War of the Rebellion: Serial 096 Page 0781 Chapter LVIII. CORRESPONDENCE, ETC.-UNION.

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WAR DEPARTMENT, Washington City, March 2, 1865.

Lieutenant-General GRANT:

A telegraphic dispatch received this morning that Bulltown, south of Parkersburg, was captured this morning, and that our pickets were drawn in at Elizabeth, about forty miles from Parkersburg. I am not advised what forces we have in that region, if any.

EDWIN M. STANTON,

Secretary of War.

WAR DEPARTMENT, Washington City, March 2, 1865.

Lieutenant-General GRANT:

The following telegram has just been received. Everything has been stripped so bare here that you may be running great risk.

EDWIN M. STANTON,

Secretary of War.

ALEXANDRIA, VA., March 2, 1865.

(Received 2 p. m.)

Lieutenant Colonel J. H. TAYLOR,

Chief of Staff, Headquarters Defenses:

It is reported here this morning that a brigade of rebel cavalry (Fitz Lee's) is picketing the Rappahannock.

Respectfully,

H. H. WELLS,

Colonel, &c.

CITY POINT, VA., March 2, 1865.

Honorable E. M. STANTON,

Secretary of War, Washington:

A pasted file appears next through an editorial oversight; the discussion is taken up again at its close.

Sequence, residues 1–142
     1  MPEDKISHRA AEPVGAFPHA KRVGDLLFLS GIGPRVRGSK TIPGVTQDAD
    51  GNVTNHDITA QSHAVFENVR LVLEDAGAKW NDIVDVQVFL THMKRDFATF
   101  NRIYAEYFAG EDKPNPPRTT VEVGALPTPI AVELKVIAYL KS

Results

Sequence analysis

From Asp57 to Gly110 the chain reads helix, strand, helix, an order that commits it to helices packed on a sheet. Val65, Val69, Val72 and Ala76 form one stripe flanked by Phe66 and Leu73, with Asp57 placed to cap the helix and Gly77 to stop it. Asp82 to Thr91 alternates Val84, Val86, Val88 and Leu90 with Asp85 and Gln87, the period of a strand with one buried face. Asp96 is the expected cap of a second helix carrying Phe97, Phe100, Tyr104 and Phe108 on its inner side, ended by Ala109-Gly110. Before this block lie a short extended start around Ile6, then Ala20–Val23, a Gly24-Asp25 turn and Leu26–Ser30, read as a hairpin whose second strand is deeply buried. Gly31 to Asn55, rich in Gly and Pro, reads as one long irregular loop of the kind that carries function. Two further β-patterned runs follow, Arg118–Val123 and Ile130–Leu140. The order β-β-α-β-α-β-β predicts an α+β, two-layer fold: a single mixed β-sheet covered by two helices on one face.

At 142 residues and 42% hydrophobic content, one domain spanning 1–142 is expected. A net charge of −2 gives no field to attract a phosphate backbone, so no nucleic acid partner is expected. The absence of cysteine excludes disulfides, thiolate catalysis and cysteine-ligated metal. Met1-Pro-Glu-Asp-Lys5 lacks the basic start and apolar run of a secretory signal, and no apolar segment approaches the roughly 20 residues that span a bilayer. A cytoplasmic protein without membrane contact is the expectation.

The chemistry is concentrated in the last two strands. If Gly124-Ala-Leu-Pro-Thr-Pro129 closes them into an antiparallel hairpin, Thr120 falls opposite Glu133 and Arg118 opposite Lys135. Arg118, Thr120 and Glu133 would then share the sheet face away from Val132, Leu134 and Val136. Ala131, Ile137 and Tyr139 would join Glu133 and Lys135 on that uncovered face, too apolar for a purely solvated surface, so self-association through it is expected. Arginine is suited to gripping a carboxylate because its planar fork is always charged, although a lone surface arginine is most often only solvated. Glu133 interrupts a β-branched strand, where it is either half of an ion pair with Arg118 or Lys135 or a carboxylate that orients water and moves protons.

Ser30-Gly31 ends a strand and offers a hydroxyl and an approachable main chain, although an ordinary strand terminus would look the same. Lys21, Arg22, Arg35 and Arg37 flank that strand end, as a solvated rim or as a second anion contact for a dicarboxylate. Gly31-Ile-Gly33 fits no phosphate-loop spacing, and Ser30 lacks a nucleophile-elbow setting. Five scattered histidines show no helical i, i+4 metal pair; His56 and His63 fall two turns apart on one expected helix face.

If the returns I have of troops in the Department of Washington are anything like correct there need not be the slightest apprehension for the safety of the capital. At this time if Lee could spare any considerable force it would be for the defense of points now threatened which are necessary for the very existence of his army. He would not send off any large body without my knowing it. If they should move toward Washington that would be known also. With the cavalry General Augur has at his command he can always have notice of any considerable body, and could dispose his force to meet their advance. The fact is, the enemy are reaping such advantages by the way of the Fredericksburg road that they are anxious to avoid attracting attention in that direction. I have ordered a force, mostly infantry, to prepare to go up the Rappahannock, as soon as transportation can be got for them, for the purpose of breaking up this trade, and shall try to break up the road at the same time. The force I send will draw everything the enemy has on the Potomac below Alexandria and on the Rappahannock, and will give General Augur a good opportunity of breaking the railroad up to the Rapidan. I would direct the force sent from here to do that, but it will be impossible for me to send any considerable amount of cavalry. Infantry cannot get there very well. It will be necessary to have a good man in command in West Virginia, and even then we cannot prevent occasional parties getting in on the railroad. I have recom-